Un revenu de base garantit ainsi un niveau de vie décent à tous et il reste cumulable avec tout revenu perçu par ailleurs.’

[A Basic income is an income paid by a political community to all of its members on an individual basis, without condition or withdrawal, of which the amount and the funding method are determined democratically.A basic income thus guarantees a decent standard of living for all and to it can be added income from other sources.]


Affiliated in July 2016

Cheng Furui: 对基本收入定义,我们的网站和BIEN网站的一样。但是,关于我们所做的研究和推广,会更加注重社会分红,基于中国的实际情况。网站原文如下:“我们关注当前世界范围的“基本收入”运动,但基于中国公有资产占社会总资产的相当比例的国情,我们力促“社会分红/基本收入”的研究与教育活动。”

Regarding basic income, our website and BIEN is the same. But, regarding our research and what we promote, we emphasize the social dividend, considering China’s actual circumstances. The website originally states: “Our attention is on the modern global movement for the Basic Income, but considering the proportion of China’s publicly owned resources, we are pushing for a social dividend/basic income in our research and education activities.

[Translation: Tyler Prochazka]

DENMARK: BIEN Denmark (Borgerlønsbevægelsen)


‚Hvor stor skal basisindkomsten være? I princippet kan den have en hvilken som helst størrelse, som man i et samfund kan blive enige om, men den mest almindelige holdning er, at den skal være på et niveau, som gør det muligt at leve af den, om end på et beskedent niveau. Hvis man har en defineret fattigdomsgrænse i et samfund kan dette være et vejledende niveau for en basisindkomst. Basisindkomsten kan gradueres, så der er lavere satser for børn, for unge osv.‘

[How big should the basic income be? In principle, it can have any size, as agreed by a country, but the most common view is that it should be at a level that makes it possible to live on, albeit at a modest level. If you have a defined poverty line in a society then that can be a guide for the level of basic income. Basic Income can be of different amounts, so there would be lower rates for children, young people, etc.]

FINLAND: BIEN Finland – Suomen perustuloverkosto ‘According to the model of BIEN Finland, basic income is paid monthly for every member of society with no strings attached. Basic income would simplify the complex jungle of the current social security system, would facilitate the reconciliation of work and social security, and fill the gaps in the social protection. Income increase by UBI for people with high and middle income would be reclaimed from their earned income taxes. For implementation of basic income, there are several different models.’ * [English translation provided by Jouko Hemmi]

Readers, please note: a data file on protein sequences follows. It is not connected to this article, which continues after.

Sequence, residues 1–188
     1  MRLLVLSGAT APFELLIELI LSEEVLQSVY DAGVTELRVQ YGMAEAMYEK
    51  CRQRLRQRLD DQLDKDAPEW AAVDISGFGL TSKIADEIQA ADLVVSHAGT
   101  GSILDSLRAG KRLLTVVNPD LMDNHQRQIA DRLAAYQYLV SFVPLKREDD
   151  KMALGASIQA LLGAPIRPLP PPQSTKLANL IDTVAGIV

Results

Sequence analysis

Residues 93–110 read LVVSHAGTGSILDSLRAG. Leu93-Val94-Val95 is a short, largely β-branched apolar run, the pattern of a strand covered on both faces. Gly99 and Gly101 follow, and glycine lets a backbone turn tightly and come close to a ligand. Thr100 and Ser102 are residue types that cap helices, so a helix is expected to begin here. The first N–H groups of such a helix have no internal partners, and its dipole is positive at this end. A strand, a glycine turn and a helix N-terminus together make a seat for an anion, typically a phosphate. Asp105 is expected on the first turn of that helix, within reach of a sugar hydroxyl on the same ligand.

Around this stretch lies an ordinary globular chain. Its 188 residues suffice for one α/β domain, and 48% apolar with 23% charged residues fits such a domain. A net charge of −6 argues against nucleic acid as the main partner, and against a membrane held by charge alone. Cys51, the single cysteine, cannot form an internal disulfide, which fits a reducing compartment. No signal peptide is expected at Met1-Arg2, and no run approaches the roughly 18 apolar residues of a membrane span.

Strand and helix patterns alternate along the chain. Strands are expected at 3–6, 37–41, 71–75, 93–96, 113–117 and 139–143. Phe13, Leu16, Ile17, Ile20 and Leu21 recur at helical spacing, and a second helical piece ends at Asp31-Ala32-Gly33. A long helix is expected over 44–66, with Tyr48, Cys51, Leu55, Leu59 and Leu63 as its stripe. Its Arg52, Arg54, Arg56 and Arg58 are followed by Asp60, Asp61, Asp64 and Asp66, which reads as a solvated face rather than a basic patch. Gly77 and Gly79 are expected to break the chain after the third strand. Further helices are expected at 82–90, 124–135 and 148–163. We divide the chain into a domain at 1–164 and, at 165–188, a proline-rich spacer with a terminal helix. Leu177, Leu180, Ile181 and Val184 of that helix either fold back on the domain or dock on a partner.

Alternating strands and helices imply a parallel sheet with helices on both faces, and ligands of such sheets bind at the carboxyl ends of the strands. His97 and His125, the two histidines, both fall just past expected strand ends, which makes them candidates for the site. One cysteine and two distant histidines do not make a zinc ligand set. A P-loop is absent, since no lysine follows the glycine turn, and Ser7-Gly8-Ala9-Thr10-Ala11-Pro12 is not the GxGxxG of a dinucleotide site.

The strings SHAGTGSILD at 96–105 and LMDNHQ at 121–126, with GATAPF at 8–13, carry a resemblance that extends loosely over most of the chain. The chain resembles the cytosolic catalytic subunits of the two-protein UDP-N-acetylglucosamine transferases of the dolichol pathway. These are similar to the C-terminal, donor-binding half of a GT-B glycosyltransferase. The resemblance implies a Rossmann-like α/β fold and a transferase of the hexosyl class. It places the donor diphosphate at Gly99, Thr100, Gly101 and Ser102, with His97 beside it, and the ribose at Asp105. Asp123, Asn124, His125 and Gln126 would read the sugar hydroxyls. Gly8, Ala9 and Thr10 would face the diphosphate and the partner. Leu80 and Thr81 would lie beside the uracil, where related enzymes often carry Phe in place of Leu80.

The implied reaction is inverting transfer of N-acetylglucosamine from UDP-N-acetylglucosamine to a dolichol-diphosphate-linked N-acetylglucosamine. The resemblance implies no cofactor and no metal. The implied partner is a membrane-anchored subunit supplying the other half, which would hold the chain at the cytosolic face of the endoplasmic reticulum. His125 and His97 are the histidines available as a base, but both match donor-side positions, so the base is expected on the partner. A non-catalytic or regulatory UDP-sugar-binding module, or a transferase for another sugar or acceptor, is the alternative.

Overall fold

FRANCE: Mouvement Français pour un revenu de base


‘Le revenu de base est un droit inaliénable, inconditionnel, cumulable avec d’autres revenus, distribué par une communauté politique à tous ses membres, de la naissance à la mort, sur base individuelle, sans contrôle des ressources ni exigence de contrepartie, dont le montant et le financement sont ajustés démocratiquement.’

[Basic income is an inalienable, unconditional right, cumulative with other income, distributed by a political community to all its members, from birth to death, on an individual basis, without control of resources or counterpart requirement, of which the amount and funding mechanism are adjusted democratically.]

GERMANY: Netzwerk Grundeinkommen ‚Ein Grundeinkommen ist ein Einkommen, das eine politische Gemeinschaft bedingungslos jedem ihrer Mitglieder gewährt. Es soll die Existenz sichern und gesellschaftliche Teilhabe ermöglichen, …‘

[A basic income is an income which a political community unconditionally grants to each of its members. It shouldensure subsistence and enable social participation …]

INDIA: India Network for Basic Income (INBI)


‘Basic Income is modest income paid by government unconditionally to all its citizens. It is paid monthly to every individual, irrespective of their social and economic status, i.e., without any means test or work requirement. The basic principle behind this idea is that every citizen is entitled to a basic income, as a matter of right, so as to meet her / his basic material requirements of life.’
IRELAND: Basic Income Ireland


‘A basic income is a payment from the state to every resident on an individual basis, without any means test or work requirement.

It would be sufficient to live a frugal but decent lifestyle without supplementary income from paid work.’

ITALY: Bin Italia (Basic Income Network Italy) [I can’t find a definition]





Basic income is the idea that everyone has the unconditional right to an income to live on.

MEXICO: Red Mexicana Ingreso Ciudadano Universal [Website not available]
NETHERLANDS: Vereniging Basisinkomen


‚Het bedrag is hoog genoeg voor een menswaardig bestaan

Hoog genoeg : Het bedrag moet zorgen voor een fatsoenlijke levensstandaard, die aan de sociale en culturele normen voldoet in het betrokken land. Het moet materiële armoede te voorkomen en bieden de mogelijkheid om te participeren in de samenleving en in waardigheid te leven.‘

[The amount is high enough for a decent life:High enough: The amount should provide a decent standard of living according to social and cultural norms prevailing in the country concerned in order to avoid material poverty and provide the opportunity to participate in society and live in dignity.]

Adriaan Planken, VBi secretaris a.i. adds: ‘UBI is universal, individual, unconditional, and high enough to ensure an existence in dignity and participation in society.’

NEW ZEALAND: Basic Income New Zealand Incorporated (BINZ)